2. Organic farming is not less safe because it is more reliant on the use of animal waste for fertility. It’s less safe because there is no field testing to ensure manure is fully composted before being applied to a crop for human consumption.

    Organic standards require only that organic farmers keep records of their fertility management. There is no testing to ensure their records are accurate. None.

    The same goes for synthetic pesticides; there is no field testing to ensure organic farmers don’t cheat on their weed and pest control. The result is that a whopping 43% of all organic food sold in America tests positive for prohibited pesticides.

    1. Mischa Popoff is a shill for Big Ag, nothing more. These people will discredit organic farmers any chance they get, because they receive money from Monsanto and many other chemical corporations. Why not tell us that tobacco is healthy now, like most of your contemporaries do? All you people do is lie and collect money. You’re a fraud.

      1. I have followed commenters on blogger sites back to Monsanto employees especially on blogger sites like this and Disqus I find it strange that a company would encourage employees to do spread lies unless they do it themselves in light of Monsanto’s problems with people who shun their products especially EU (smiles).
        By the way, I read that oats grown in Canada and drenched in glyphosate prior to harvest during frost make changes that has resulted in this horrid practice coming to an end. I do not eat wheat because of this practice and my gut is vastly improved… my proof to myself.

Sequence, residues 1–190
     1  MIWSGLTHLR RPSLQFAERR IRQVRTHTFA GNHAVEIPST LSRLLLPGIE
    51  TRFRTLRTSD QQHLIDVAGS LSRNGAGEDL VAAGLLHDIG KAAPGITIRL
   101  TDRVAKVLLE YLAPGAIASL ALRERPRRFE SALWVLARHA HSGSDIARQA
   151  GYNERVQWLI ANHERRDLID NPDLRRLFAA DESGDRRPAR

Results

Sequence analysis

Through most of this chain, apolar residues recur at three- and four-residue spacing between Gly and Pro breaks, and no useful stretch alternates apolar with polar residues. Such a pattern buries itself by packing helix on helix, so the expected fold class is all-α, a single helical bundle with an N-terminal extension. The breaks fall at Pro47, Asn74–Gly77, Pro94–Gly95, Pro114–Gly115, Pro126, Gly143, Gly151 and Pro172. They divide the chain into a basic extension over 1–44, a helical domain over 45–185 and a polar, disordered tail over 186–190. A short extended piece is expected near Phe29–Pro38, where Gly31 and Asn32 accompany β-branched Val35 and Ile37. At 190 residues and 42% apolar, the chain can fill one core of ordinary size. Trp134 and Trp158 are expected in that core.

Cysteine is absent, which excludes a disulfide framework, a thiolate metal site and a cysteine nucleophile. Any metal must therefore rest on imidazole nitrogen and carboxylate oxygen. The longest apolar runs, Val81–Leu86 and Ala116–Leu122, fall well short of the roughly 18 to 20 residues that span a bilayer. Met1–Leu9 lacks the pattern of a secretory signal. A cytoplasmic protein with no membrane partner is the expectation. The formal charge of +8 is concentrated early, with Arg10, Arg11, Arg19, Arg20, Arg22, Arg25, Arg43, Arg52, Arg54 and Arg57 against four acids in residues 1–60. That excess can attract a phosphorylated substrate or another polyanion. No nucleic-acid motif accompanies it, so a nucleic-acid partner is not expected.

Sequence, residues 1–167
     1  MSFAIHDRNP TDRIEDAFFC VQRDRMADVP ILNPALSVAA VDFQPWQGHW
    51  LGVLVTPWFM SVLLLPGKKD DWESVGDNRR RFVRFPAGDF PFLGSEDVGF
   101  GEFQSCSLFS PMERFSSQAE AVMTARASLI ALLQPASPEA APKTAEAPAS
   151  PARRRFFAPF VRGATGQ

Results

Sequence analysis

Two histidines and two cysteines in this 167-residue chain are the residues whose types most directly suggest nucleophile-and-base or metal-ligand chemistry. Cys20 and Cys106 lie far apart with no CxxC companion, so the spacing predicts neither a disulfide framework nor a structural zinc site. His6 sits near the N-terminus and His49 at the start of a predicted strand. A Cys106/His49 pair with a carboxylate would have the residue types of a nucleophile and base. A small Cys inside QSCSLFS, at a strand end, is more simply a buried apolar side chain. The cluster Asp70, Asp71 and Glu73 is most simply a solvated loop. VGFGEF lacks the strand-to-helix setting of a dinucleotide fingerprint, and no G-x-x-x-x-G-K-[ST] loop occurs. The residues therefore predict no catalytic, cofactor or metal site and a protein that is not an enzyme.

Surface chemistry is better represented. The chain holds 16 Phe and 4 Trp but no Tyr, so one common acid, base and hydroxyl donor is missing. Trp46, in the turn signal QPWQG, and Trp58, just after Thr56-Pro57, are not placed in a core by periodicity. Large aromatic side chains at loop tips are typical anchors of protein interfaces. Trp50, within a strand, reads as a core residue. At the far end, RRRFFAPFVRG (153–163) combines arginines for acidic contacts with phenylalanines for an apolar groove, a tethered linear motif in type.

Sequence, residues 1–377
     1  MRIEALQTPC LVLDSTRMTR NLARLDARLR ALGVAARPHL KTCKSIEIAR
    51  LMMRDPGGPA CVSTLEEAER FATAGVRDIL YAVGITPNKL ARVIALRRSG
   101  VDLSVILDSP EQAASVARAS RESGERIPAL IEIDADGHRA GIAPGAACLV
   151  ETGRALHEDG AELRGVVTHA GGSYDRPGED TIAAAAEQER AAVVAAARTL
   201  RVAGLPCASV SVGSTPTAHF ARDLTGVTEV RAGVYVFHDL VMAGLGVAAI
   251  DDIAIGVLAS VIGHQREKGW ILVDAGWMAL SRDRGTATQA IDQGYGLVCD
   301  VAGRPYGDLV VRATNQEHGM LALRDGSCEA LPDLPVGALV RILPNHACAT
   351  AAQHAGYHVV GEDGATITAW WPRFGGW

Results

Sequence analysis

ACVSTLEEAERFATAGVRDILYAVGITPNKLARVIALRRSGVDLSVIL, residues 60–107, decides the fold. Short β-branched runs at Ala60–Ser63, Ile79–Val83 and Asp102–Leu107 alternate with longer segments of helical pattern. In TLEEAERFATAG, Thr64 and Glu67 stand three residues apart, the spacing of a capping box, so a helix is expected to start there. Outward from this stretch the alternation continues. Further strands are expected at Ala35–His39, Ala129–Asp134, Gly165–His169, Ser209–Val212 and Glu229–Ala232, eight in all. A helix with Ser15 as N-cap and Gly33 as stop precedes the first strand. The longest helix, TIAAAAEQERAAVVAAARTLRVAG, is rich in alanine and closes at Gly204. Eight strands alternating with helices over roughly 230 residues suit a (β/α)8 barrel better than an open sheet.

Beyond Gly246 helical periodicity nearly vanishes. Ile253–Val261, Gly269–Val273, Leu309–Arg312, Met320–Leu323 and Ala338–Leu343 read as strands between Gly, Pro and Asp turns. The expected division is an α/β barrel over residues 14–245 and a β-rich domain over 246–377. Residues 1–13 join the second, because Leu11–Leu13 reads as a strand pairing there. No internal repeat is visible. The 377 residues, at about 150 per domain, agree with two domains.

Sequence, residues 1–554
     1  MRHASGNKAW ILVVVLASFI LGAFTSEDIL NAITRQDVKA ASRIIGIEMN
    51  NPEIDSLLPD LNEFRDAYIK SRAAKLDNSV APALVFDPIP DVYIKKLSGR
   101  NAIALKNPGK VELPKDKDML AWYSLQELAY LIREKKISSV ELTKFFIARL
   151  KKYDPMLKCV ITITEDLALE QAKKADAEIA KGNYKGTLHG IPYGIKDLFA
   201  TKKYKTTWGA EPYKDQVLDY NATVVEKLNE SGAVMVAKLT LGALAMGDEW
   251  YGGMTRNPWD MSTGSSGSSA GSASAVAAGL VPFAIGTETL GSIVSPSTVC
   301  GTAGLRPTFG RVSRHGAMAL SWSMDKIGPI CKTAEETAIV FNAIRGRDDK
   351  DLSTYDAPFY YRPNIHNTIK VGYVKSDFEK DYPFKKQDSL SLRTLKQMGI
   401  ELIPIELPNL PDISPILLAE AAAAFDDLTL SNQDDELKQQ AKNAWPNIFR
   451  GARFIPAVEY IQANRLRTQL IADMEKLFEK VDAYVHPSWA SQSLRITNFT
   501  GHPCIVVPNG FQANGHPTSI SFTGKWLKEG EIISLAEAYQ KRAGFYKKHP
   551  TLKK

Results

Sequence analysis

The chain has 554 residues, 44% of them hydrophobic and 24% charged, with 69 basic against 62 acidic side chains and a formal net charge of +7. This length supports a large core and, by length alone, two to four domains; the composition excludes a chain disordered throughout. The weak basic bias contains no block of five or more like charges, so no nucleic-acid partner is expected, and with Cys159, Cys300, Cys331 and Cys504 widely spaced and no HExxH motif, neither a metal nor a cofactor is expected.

We buy organics when food involves corn, soy, canola, sugar especially with meats and fowl. Yes, Seralini’s rats made me watchful, while Monsanto’s burying his study solidified my disgust.
        Monsanto has made a lot of activists.

  3. New Scientist magazine had an article saying that vegetables/fruits that were tested in 1970 and retested in 2009 had nutrient levels that had dropped by 12 to 18% during that time.

  4. But can you prove organic food is 100% safe? Where are the long term human feeding studies proving the absolute safety of each organic food? Certified organic foods have only been on the market since 1996 and they are produced according to arbitrary regulations unlike any seen before. Where is your proof any of this is safe?

  5. Oh, wow, this is flabbergasting! How can anyone demand proof that food grown without chemicals is safe?!? I grew up on my grandparents’ farm and ate their chemicals-free grown food until I left for college, and never even had a stomach ache or any of these mysterious stomach bugs, which so many people seem to suffer from nowadays. Additionally, the tomatoes, apples, potatoes, etc. I ate there actually tasted like tomatoes, apples, and potatoes – which is more than I can say about the disgusting cardboard stuff people buy in the supermarkets everywhere. To ask for reassurance as to the safety of organic food is to demand proof that your there really are two hydrogen atoms in water, which, you know … pretty elementary.